and recovers the explicit form of as obtained using homogenisation (e.g. Majda & Kramer 1999; Camassa et al. 2010). The first of the corrections to the diffusive approximation of Mercer & Roberts (1990) and Young & Jones (1991) is also computed in Appendix A.

Third, the asymptotics of (3.0) indicates that tends to as , where denote the maximum and minimum velocities in the channel. This can be seen by noting that is the lowest eigenvalue of a Schrödinger operator which, in the semiclassical limit , is given by the minimum of the potential (e.g. Simon 1983). The implication, as discussed in §2.2, is that as . Physically, this corresponds to the fact that fluid particles have longitudinal velocities in the range ; changes in the concentration therefore propagate at finite speeds and the concentration is compactly supported for . This is only an approximation of course: when longitudinal molecular diffusion is taken into account, there is no limit on the propagation speed. It is readily seen that the term becomes comparable to in for and that the rate function is approximately the diffusive for near () or larger (smaller). This form of can also be shown to arise from an application of the Freidlin & Wentzell (2012) small-noise large-deviation theory and is controlled by a single maximum-likelihood trajectory. (This applies only when is sufficiently large: the dimensional expression (3.0) makes this clear, with an argument of the exponential that scales like whereas the small-noise large deviation necessarily leads to a scaling, corresponding to a factor with our non-dimensionalisation.)

Finally, we note that the eigenfunctions , where the dependence is inferred from the -dependence using , have a simple interpretation. For the amount of scalar at for can be approximated as

(3.0)

since, by the convexity of , the integral is dominated by the contribution of the endpoint . Therefore gives the scalar distribution across the shear flow of particles with average speed greater than . Similarly, for , gives the distribution of particles with speed less than .

3.1 Couette flow

We now examine classical shear flows, starting with the plane Couette flow

(3.0)

The dispersion in this flow is illustrated in Figure 1. The figure shows how the diffusive and large-deviation approximations provide a good approximation in the core of the scalar distribution and how only large deviation captures the tails. Figure 1 does not resolve the tails of with sufficient detail to assess the validity of the large-deviation approximation fully, however. In what follows, we test systematically the large-deviation prediction for , defined as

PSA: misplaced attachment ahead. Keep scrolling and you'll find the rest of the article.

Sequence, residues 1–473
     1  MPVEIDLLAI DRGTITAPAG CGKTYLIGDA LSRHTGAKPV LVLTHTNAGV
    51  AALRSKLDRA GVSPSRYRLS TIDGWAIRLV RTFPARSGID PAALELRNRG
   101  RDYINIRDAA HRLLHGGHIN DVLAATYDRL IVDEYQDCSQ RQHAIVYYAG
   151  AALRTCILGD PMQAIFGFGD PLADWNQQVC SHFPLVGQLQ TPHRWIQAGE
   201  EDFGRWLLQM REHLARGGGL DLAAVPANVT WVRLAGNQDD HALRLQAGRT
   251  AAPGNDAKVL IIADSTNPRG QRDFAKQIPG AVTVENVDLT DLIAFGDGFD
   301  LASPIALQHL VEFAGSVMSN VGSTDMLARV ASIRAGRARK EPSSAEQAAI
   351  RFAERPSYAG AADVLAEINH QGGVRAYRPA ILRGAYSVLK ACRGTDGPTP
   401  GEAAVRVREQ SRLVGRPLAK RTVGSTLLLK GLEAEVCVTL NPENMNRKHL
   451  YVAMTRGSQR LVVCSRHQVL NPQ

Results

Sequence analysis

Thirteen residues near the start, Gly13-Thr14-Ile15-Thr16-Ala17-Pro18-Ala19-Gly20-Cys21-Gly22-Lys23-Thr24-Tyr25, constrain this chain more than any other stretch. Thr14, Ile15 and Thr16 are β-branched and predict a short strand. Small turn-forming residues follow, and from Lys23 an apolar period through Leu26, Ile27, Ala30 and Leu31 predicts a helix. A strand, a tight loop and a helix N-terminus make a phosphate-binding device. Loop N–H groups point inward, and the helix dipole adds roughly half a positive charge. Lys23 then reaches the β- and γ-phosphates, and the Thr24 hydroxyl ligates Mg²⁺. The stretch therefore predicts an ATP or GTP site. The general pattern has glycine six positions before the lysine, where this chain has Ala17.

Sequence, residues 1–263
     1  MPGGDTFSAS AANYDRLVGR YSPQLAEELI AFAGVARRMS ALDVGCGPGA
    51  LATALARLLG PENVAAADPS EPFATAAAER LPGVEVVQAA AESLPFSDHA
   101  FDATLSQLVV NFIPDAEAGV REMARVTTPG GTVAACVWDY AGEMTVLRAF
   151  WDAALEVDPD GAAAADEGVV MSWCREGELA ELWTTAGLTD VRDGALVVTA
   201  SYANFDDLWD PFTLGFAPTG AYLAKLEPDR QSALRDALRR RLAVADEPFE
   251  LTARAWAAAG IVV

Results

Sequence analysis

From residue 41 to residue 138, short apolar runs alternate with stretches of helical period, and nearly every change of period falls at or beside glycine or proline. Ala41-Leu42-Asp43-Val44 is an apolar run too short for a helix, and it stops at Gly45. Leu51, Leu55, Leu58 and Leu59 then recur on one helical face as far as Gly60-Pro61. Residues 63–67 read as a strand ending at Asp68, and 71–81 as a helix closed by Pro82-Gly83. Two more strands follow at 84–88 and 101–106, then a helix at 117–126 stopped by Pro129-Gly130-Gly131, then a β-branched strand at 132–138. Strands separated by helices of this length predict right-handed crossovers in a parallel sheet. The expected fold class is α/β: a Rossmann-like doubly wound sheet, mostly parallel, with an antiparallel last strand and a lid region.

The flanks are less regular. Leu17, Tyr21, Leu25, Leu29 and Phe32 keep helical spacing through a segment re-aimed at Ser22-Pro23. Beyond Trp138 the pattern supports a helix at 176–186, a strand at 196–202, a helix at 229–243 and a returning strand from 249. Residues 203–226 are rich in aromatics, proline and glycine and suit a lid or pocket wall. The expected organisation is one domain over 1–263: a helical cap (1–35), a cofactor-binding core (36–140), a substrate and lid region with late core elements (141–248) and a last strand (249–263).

(3.0)

with our shear-flow scaling, by comparing the value obtained by solving the eigenvalue problem (3.0) for a range of with careful Monte Carlo estimates. The eigenvalue problem is solved using a finite-difference scheme. (An exact solution can be written in terms of Airy functions, but it is not particularly illuminating). The Monte Carlo estimates approximate the right-hand side of (3.0) as an average over a large number of solutions of (3.0). However, a straightforward implementation does not provide a reliable estimate for except for small values of . This is because for moderate to large is controlled by rare realisations which are not sampled satisfactorily. To remedy this, it is essential to use an importance-sampling technique which concentrates the computational effort on these realisations. For the results reported in this paper, we have implemented a version of Grassberger’s (1997) pruning-and-cloning technique which we describe in Appendix B.1.

Results for the plane Couette flow are displayed in the leftmost panels of Figure 2. The top panel shows the eigenvalue and Monte Carlo approximations of along with asymptotic approximations valid for small and large . The small- approximation for is found from (3.0) as

(3.0)

The large- approximation is obtained by noting that for , the solution to (3.0) is localised in boundary layers near . Concentrating on , we introduce and into (3.0). To leading order, this gives

(3.0)

with solution decaying as . Imposing the boundary condition at gives the equation for . Hence we have

(3.0)

using symmetry to deal with .

The top left panel of Figure 2 confirms the validity of the eigenvalue calculation and of the asymptotic estimates. In the case of the estimates, a constant is added to (3.0) to ensure a good match; with this correction, the asymptotic formula appears to be accurate for as small as , say. The dispersive approximation corresponding to the parabola (3.0) overestimates for all , indicating that this approximation overestimates the speed of dispersion or equivalently the magnitude of the tails of the distribution.